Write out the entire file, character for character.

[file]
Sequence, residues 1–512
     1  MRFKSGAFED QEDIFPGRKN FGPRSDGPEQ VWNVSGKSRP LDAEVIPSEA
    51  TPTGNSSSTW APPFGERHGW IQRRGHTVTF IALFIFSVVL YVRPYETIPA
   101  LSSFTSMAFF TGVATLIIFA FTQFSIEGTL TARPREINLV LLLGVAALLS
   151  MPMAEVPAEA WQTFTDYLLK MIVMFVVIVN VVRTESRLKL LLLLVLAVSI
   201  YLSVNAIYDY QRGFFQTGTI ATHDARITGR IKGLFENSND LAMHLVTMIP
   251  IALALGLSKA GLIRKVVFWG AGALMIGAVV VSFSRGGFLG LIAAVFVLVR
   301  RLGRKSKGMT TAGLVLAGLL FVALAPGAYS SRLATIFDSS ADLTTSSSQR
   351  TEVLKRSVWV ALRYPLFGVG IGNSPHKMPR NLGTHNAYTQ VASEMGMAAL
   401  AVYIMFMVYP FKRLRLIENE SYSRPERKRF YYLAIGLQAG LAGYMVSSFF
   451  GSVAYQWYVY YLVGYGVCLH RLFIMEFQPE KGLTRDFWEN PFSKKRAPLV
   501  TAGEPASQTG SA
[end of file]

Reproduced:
Sequence, residues 1–512
     1  MRFKSGAFED QEDIFPGRKN FGPRSDGPEQ VWNVSGKSRP LDAEVIPSEA
    51  TPTGNSSSTW APPFGERHGW IQRRGHTVTF IALFIFSVVL YVRPYETIPA
   101  LSSFTSMAFF TGVATLIIFA FTQFSIEGTL TARPREINLV LLLGVAALLS
   151  MPMAEVPAEA WQTFTDYLLK MIVMFVVIVN VVRTESRLKL LLLLVLAVSI
   201  YLSVNAIYDY QRGFFQTGTI ATHDARITGR IKGLFENSND LAMHLVTMIP
   251  IALALGLSKA GLIRKVVFWG AGALMIGAVV VSFSRGGFLG LIAAVFVLVR
   301  RLGRKSKGMT TAGLVLAGLL FVALAPGAYS SRLATIFDSS ADLTTSSSQR
   351  TEVLKRSVWV ALRYPLFGVG IGNSPHKMPR NLGTHNAYTQ VASEMGMAAL
   401  AVYIMFMVYP FKRLRLIENE SYSRPERKRF YYLAIGLQAG LAGYMVSSFF
   451  GSVAYQWYVY YLVGYGVCLH RLFIMEFQPE KGLTRDFWEN PFSKKRAPLV
   501  TAGEPASQTG SA